DNA and genetic testing are big business. But there are real questions about privacy and about what happens to your genetic information after you get tested. Recently the DNA testing company 23andMe partnered with pharmaceutical giant GlaxoSmithKline to develop personalized drugs and research treatment for diseases like lupus and Parkinson's. Jen King, director of consumer privacy at the Center for Internet and Society at Stanford Law School, told Molly Wood that, surprisingly, most people who take DNA tests don't think the data is all that personal. The following is an edited transcript of their conversation.
Jen King: Most of them felt that their genetic data, while it was personal, at the same time it didn't reveal who they really were. One of the other things in my study I looked at was search queries, so when people type a search term into Google, for example, did they consider that more personal than their genetic data? In some cases they did because it really revealed something more about what made them tick, what they were concerned about, what they thought about, what they cared about, whereas their genetic data doesn't tell you anything about that.
Molly Wood: But then you get the news that 23andMe is partnering with a pharmaceutical company to develop drugs based on the DNA data that they got from 23andMe. Do you think that changes the calculation for people?
King: I think it can because one of the things I discovered is while people were motivated by the idea that their data could be doing good, that often wasn't very critical. People hadn't spent time to really dig into what that meant. And so while there's probably an assumption that, "Well, you know, I'm going to help make a drug that could help a disease I know nothing about and maybe I'll benefit because I have that disease," no one, at least of the people I talked to, really sat down and thought about, "Well, wait a second, the company isn't obligated to give that drug away for free." They can charge as much as they want for it. So there was this sense of "Yeah, I'm helping the public," but it wasn't very critical and really wasn't carefully thought through just exactly how that might happen, it was more of a check the box, going, "Yay, I can do something good."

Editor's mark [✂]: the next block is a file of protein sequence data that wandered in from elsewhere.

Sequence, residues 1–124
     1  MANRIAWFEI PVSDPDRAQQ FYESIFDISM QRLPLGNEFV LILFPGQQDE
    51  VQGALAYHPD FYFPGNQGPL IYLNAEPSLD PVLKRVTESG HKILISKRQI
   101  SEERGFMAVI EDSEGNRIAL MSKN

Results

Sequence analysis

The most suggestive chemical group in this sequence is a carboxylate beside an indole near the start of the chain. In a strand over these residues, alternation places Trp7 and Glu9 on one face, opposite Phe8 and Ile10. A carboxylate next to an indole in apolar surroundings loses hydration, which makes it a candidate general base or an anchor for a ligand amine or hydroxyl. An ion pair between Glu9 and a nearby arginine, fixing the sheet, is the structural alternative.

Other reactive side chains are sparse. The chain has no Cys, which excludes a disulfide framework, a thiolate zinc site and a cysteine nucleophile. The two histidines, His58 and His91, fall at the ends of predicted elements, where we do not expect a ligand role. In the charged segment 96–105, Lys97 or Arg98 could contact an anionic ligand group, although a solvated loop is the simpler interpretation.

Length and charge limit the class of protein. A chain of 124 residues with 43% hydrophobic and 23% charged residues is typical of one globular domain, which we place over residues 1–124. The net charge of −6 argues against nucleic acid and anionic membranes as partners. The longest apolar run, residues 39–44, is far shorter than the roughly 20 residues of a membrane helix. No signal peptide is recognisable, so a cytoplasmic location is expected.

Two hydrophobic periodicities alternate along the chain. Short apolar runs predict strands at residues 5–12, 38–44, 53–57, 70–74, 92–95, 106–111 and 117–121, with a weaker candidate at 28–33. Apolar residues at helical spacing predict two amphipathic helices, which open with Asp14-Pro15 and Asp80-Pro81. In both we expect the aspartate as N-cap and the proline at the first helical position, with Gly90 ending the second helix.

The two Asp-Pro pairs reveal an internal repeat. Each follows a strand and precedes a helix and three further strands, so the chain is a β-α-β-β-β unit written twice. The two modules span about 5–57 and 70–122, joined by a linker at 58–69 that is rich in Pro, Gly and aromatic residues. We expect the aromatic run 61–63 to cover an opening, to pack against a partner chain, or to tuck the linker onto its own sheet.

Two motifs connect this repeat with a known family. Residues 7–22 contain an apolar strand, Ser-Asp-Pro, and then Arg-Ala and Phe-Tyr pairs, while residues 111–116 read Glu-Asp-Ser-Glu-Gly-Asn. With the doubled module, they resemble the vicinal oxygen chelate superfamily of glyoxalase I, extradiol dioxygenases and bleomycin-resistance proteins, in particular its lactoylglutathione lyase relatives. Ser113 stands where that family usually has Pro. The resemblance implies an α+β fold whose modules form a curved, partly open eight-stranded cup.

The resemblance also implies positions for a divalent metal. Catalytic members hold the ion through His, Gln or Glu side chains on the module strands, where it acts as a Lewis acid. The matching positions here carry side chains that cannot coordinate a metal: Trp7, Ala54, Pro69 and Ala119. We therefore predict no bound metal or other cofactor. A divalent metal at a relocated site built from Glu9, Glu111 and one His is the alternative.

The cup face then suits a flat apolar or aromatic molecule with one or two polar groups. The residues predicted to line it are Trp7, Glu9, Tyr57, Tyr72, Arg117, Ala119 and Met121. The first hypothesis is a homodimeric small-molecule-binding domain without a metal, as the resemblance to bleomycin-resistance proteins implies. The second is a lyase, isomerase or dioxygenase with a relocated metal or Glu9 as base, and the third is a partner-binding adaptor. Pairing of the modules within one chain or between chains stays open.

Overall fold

Wood: This is a little sci-fi, I know. As we are also exploring gene editing, is there an argument that we should start to consider patenting our gene profiles? Should we start having an ownership conversation about our most basic identity?
King: That's a really interesting question. If you look at the customer agreements of these different online genetic testing companies, it's kind of a big open question as to who owns your data. And the agreements today I think are pretty clear that at least with 23andMe that, you know, once they do something with that data, in this case, partner with a pharmaceutical company and develop a drug on its basis, you sign an agreement saying you have no rights to it, or you have no property interest in the outcome of it, so you can't go to them later and say, "Hey you need to compensate me for this blockbuster drug that you developed using my data."
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